520 North Third Ave Sandpoint, ID 83864

 (208) 263-1441

Infant to Teen ENT Health

Keep your child’s ears, nose, and throat in maximum health.

Kristin Carlson, Marketing Specialist – Bonner General Health


February is Kids ENT Health month. Ear, nose, and throat (ENT) ailments are common reasons children need medical attention. Primary care providers and Pediatricians manage most of these issues; however, some may require a referral to an Otolaryngologist (also known as an ENT Physician).

I spoke to our ENT Physician at Bonner General Health, Dr. Susan Anderson. Dr. Anderson says issues bringing adolescents to her clinic include: recurring ear infections, concern for hearing loss and speech delay, nasal congestion, recurrent nose bleeds, and tonsil-related complications.

Ear infections are the most common ailment in childhood; 80-90% of children will have an ear infection by three years of age. Dr. Anderson suggests a consultation with an Otolaryngologist for children who have four ear infections within six months or six within 12 months.

Tonsil and adenoid issues are other common ailments warranting an ENT consultation. If excessively enlarged or frequently infected, a provider may consider removing the tonsils or adenoids.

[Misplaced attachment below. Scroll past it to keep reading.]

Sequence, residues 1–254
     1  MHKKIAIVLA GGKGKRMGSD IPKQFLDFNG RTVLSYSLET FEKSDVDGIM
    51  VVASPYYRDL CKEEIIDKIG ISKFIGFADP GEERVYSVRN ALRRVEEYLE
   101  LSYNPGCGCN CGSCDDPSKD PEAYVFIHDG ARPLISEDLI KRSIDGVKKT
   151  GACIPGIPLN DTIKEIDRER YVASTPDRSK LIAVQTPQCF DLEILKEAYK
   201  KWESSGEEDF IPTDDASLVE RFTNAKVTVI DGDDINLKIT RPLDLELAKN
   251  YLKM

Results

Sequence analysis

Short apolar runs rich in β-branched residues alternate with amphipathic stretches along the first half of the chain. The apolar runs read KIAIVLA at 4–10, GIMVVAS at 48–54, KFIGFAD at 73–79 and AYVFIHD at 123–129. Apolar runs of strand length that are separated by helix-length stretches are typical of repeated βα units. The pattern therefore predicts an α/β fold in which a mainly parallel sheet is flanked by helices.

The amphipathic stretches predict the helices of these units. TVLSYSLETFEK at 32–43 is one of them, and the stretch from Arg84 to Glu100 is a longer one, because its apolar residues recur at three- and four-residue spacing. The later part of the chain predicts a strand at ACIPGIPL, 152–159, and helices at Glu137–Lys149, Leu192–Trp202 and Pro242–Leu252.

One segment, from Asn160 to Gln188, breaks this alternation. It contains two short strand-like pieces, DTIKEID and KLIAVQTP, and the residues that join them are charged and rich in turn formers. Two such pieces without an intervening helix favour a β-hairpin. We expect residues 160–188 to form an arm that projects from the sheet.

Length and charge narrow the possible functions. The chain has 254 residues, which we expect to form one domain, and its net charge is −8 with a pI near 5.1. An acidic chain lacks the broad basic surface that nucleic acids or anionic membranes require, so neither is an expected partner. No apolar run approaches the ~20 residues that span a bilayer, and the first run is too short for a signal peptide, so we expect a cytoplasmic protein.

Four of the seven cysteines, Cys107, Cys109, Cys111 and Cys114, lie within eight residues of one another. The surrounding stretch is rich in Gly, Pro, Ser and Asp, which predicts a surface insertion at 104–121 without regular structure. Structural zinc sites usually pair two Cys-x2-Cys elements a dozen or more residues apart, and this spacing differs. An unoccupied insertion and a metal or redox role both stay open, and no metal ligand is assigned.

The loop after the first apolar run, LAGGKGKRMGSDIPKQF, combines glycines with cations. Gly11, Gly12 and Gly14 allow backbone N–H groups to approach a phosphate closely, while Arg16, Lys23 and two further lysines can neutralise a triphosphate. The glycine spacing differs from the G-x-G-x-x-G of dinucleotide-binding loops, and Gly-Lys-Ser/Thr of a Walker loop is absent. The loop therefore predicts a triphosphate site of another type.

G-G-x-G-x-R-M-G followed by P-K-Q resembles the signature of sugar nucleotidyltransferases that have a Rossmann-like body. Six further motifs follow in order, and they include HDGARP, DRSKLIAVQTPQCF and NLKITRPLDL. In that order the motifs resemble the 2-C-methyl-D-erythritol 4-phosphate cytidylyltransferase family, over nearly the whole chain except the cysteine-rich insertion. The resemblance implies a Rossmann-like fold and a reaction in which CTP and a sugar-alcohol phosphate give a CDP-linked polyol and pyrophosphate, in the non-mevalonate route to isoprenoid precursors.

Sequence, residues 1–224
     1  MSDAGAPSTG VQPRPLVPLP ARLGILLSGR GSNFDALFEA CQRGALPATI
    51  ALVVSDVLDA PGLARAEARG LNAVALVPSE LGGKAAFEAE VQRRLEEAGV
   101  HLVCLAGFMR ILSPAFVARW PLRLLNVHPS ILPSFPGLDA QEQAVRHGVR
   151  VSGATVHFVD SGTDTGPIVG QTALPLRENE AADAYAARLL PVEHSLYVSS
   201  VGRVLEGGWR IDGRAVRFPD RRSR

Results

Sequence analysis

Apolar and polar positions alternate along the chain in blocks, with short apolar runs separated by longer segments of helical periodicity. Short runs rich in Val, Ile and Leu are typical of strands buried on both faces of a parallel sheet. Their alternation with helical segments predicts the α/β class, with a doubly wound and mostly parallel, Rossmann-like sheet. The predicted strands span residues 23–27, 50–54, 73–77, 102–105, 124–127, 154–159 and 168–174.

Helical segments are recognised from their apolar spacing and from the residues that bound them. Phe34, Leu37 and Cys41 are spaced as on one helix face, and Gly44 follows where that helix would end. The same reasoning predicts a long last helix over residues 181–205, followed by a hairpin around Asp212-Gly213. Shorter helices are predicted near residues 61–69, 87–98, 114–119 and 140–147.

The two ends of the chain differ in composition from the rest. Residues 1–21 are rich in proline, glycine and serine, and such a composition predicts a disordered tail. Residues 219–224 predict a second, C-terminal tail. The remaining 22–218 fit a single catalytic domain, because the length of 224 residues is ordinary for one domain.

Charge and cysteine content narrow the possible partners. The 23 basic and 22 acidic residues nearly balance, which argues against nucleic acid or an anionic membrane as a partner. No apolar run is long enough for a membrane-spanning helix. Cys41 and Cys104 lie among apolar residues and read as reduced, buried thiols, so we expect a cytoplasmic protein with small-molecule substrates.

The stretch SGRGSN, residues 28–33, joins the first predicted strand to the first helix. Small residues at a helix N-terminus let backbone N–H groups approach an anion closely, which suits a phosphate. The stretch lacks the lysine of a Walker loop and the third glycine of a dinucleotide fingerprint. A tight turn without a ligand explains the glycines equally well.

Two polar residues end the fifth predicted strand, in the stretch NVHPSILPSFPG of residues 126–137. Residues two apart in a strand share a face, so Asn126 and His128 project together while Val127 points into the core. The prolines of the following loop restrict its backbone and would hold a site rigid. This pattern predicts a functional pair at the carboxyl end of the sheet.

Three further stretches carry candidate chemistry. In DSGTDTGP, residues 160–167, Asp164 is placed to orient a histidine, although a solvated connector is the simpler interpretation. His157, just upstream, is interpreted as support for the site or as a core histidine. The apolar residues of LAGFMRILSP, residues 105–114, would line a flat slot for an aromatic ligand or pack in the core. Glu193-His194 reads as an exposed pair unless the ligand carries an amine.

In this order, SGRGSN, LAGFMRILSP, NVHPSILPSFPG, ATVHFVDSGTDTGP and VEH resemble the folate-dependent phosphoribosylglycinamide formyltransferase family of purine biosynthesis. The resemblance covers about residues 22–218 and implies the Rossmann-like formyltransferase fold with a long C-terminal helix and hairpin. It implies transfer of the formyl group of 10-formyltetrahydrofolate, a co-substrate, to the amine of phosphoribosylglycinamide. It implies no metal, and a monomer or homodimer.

Problems caused by enlarged tonsils and adenoids include:

  • obstructed breathing during sleep
  • irritable behavior
  • eating problems
  • constant nasal congestion
  • poor alignment of teeth
  • abnormal facial development

Parents may seek consultation regarding tonsils after noticing loud snoring and restless sleep.

Dr. Anderson says a newer ailment she sees is hearing loss in teens and adolescents associated with earbuds or headphones. Kids listen to electronic media at elevated levels, leading to high-frequency hearing loss. However, it is not just the volume causing the hearing changes but also the time spent using earbuds/headphones. Hearing damage is similar to sun damage; it is additive over time, and too much causes harm.

To protect your child’s hearing, kids should take breaks after an hour of listening and turn the volume down to 60%. The best practice for everyone is you should be able to hear conversations going on around you while listening to your media with earbuds/headphones. Also, kids should not sleep with their earbuds/headphones on; this is additional “trauma time” to their hearing.

For more information or to reach Dr. Anderson, call Bonner General Ear, Nose, and Throat Clinic at (208) 265-1003 or visit www.bonnergeneral.org.

This article was written for publication in The River Valley Beacon – January 25, 2022.

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